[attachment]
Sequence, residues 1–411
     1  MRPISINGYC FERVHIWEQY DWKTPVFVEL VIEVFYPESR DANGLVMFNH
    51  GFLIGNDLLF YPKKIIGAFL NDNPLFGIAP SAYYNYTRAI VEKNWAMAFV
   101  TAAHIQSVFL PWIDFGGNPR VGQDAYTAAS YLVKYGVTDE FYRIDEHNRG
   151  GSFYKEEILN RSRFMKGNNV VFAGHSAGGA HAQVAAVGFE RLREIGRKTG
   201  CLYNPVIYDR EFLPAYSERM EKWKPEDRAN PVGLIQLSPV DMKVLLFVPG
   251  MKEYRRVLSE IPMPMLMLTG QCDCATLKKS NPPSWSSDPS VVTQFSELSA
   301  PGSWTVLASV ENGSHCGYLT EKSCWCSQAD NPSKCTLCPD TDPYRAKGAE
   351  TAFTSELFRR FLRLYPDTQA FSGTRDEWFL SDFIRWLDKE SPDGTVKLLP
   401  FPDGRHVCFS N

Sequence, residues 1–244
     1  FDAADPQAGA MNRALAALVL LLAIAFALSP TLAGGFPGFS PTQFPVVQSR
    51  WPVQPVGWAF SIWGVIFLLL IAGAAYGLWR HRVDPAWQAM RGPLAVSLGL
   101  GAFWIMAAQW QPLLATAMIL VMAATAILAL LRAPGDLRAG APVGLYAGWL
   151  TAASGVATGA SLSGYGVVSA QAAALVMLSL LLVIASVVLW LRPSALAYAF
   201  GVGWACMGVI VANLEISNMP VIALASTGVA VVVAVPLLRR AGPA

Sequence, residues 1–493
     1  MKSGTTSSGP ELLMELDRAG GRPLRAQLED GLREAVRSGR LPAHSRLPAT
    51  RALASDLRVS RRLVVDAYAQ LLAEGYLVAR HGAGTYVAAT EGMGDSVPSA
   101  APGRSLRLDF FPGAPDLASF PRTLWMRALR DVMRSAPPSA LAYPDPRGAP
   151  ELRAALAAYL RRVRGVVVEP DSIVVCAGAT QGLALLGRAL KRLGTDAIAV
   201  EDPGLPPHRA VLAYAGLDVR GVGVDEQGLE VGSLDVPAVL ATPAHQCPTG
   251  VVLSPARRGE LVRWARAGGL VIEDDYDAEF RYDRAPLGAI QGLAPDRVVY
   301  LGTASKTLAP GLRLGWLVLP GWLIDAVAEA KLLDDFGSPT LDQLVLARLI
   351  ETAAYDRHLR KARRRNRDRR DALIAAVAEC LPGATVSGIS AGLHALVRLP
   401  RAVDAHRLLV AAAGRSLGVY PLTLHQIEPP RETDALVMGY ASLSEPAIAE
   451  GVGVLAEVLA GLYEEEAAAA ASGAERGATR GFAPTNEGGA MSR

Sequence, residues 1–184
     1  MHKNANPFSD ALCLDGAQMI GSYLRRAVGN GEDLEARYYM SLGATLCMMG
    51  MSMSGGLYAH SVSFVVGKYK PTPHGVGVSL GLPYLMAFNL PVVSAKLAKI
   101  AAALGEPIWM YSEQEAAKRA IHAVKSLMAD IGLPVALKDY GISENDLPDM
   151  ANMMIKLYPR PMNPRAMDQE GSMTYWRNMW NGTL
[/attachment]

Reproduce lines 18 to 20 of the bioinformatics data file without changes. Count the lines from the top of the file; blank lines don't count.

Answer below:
     1  MKSGTTSSGP ELLMELDRAG GRPLRAQLED GLREAVRSGR LPAHSRLPAT
    51  RALASDLRVS RRLVVDAYAQ LLAEGYLVAR HGAGTYVAAT EGMGDSVPSA
   101  APGRSLRLDF FPGAPDLASF PRTLWMRALR DVMRSAPPSA LAYPDPRGAP